Chris
Old 11-03-05, 04:25 PM
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Originally Posted by Numanoid
That's cool. In my opinion, science is just our way of figuring out God's processes. In my world, they go hand-in-hand.
Old 11-03-05, 04:27 PM
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Originally Posted by mrpayroll
Unless scientists totally disavow any possibility that there is a God! And there are many of them (the majority?) that don't believe in a 'god', because it is not fact.

Chris
Same type of scientists that refused to accept Nicolaus Copernicus' discovery because it contradicted what they considered "fact".
Old 11-03-05, 04:34 PM
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Originally Posted by mrpayroll
Unless scientists totally disavow any possibility that there is a God! And there are many of them (the majority?) that don't believe in a 'god', because it is not fact.

Chris
I don't see how what the vast majority of scientists think about god has anything to do with it. Science is done pretty much the same by most scientists whether they believe in god or not. The exception, I think, is certain fundamentalist scientists who need science to conform with whatever they thing the Bible (or the Qur'an or whatever) says.
Old 11-03-05, 04:44 PM
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Originally Posted by mrpayroll
Unless scientists totally disavow any possibility that there is a God! And there are many of them (the majority?) that don't believe in a 'god', because it is not fact.

Chris
And who says that scientists are the people best equiped to use scientific knowledge in persuit of the mysteries of life? Thats like saying you cant look at a flower and marvel at gods works because the landscaper is a athiest.
Old 11-03-05, 05:26 PM
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Well my point was, the religious folks (Catholics) are giving the dog (scientists) a bone, so now it is time for the scientific folks to acknowledge that it is possible that all of this 'science' crap could be God's creation!

Chris
Old 11-03-05, 05:29 PM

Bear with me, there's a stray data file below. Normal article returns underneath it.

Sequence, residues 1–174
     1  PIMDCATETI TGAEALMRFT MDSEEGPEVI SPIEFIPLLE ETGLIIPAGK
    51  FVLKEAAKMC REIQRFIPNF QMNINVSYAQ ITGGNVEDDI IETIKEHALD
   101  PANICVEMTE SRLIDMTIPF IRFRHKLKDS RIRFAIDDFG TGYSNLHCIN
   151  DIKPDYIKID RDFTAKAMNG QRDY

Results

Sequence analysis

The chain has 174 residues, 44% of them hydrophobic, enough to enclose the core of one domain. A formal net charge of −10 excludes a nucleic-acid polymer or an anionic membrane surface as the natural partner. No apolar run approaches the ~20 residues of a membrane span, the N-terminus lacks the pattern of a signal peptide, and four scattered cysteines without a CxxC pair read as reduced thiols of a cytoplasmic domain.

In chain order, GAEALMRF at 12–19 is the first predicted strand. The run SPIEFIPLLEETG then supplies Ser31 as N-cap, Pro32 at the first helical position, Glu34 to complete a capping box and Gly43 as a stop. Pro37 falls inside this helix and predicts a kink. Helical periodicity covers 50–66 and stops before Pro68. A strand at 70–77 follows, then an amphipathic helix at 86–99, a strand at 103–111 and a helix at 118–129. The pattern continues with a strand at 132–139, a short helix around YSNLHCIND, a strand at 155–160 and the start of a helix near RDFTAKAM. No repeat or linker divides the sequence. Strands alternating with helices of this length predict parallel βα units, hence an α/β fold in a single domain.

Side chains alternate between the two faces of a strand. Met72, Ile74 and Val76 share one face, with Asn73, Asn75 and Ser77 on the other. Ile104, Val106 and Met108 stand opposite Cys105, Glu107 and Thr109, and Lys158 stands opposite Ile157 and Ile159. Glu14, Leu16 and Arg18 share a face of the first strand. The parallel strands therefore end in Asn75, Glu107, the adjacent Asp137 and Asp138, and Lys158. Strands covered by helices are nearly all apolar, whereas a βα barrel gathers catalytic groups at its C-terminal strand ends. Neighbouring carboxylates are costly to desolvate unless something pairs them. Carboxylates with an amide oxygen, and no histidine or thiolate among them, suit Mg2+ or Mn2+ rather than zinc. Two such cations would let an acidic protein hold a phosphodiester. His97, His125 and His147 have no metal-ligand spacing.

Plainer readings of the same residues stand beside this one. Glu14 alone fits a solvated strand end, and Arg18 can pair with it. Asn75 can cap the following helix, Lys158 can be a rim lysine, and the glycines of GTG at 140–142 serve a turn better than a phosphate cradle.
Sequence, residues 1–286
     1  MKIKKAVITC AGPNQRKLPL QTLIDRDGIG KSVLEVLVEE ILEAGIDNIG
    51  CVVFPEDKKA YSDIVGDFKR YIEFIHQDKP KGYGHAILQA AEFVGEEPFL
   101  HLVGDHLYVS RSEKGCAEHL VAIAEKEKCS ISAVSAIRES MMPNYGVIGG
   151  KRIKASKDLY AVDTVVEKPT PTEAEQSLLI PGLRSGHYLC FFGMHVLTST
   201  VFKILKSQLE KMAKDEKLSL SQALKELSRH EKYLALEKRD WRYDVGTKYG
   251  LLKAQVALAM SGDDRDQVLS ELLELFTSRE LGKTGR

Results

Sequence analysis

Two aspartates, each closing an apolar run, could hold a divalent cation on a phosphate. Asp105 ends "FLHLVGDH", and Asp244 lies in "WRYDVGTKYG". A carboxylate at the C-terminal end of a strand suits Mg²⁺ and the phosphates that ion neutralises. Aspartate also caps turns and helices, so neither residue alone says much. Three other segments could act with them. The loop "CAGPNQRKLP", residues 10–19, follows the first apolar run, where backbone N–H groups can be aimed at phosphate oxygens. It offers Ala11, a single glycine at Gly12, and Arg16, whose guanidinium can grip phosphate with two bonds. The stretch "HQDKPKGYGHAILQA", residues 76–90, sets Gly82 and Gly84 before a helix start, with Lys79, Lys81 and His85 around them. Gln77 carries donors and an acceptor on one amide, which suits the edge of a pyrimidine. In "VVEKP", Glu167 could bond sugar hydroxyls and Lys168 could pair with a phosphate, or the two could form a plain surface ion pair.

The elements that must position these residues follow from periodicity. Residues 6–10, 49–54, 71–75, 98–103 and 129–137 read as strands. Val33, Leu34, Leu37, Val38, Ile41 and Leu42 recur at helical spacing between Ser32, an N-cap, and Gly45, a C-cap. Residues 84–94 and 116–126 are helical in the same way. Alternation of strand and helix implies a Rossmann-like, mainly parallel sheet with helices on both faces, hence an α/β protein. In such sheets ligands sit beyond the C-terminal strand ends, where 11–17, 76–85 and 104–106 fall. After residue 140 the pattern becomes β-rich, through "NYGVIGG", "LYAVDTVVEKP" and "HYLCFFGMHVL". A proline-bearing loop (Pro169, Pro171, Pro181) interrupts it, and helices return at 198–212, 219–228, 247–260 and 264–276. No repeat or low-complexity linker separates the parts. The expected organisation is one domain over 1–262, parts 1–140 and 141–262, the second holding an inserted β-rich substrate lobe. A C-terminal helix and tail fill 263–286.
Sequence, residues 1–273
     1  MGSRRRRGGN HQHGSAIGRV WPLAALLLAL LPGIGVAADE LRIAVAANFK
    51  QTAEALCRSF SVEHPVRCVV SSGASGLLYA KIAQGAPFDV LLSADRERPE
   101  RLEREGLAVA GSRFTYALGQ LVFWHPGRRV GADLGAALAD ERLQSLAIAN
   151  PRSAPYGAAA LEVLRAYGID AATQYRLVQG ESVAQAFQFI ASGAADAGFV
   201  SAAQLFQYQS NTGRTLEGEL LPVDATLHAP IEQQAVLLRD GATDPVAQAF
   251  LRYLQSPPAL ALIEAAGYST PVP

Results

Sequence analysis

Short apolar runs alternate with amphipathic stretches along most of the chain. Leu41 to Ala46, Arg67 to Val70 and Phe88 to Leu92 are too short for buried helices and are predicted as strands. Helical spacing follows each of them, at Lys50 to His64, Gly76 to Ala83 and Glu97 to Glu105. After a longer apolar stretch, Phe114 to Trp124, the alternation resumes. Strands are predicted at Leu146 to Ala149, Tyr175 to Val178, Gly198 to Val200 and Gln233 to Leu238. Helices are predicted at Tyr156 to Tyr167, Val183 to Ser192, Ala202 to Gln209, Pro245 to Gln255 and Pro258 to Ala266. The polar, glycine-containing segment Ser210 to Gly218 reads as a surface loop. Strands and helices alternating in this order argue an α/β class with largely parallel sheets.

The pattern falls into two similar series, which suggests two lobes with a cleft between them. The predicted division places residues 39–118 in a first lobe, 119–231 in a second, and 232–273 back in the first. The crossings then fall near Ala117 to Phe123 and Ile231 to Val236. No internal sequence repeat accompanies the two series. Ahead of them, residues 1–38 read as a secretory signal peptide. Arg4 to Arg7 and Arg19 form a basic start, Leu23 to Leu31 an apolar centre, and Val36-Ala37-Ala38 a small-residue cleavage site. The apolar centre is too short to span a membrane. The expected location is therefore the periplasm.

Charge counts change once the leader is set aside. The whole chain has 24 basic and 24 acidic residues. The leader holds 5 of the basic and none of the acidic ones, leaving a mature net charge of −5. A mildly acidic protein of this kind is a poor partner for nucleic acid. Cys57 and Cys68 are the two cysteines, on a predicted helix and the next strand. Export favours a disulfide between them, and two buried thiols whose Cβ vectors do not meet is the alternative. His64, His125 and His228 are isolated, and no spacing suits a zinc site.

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Originally Posted by Rockmjd23
Pretty much. Catholics aren't really on the front lines of the creationist debate.

Like Michael Behe.

Good for the Vatican. I don't know how much real sway they have anymore, but nice to have them say something about it.
Old 11-03-05, 05:34 PM
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This is nothing new. I went to Catholic high school and university, and evolution was the order of the day in the science classroom. Religion was taught seperately.

There are Catholic creationists, but not a lot.
Old 11-03-05, 05:42 PM
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Originally Posted by Groucho
This is nothing new. I went to Catholic high school and university, and evolution was the order of the day in the science classroom. Religion was taught seperately.

There are Catholic creationists, but not a lot.

What?

Your parents should get their money back!

Chris
Old 11-03-05, 07:14 PM
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Other than a Pope or two the Vatican, atleast in the last century, has been supporitve of science.
Old 11-03-05, 08:35 PM
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Originally Posted by Tommy Ceez
JPII had the same opinion
And so will his clone.
Old 11-03-05, 09:24 PM
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Old 11-04-05, 05:52 AM
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Good for the Vatican.
Old 11-04-05, 10:20 AM
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What Paul Poupard really meant to say was:

"Hey everyone. We should listen to science, but you science people need to listen to us more."
Old 11-04-05, 10:55 AM
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I have yet to see any scientific research that has disproven anything about Christianity and I have yet to see anything from the Bible or Christian theology that conflicts with science. Everything in the Bible is not literal and normative. Much of the conflict between science and Christianity is because there is too much ignorance about both.
Old 11-04-05, 11:14 AM
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Religion without science is blind. Science without religion is lame.

So you don't think the age of the world is in conflict between science and religion?
Old 11-04-05, 11:26 AM
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Originally Posted by DVD Polizei
What Paul Poupard really meant to say was:

"Hey everyone. We should listen to science, but you science people need to listen to us more."
That's what I'm saying.

Chris
Old 11-04-05, 11:42 AM
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Originally Posted by Baron Of Hell
Religion without science is blind. Science without religion is lame.

So you don't think the age of the world is in conflict between science and religion?
Not unless you believe that creation took place in a literal 7 days...
Old 11-04-05, 12:13 PM
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Originally Posted by gracie
Not unless you believe that creation took place in a literal 7 days...

Uhhhh, actually it was 6 days. The Big Guy was pretty tired and took the 7th day off!

Chris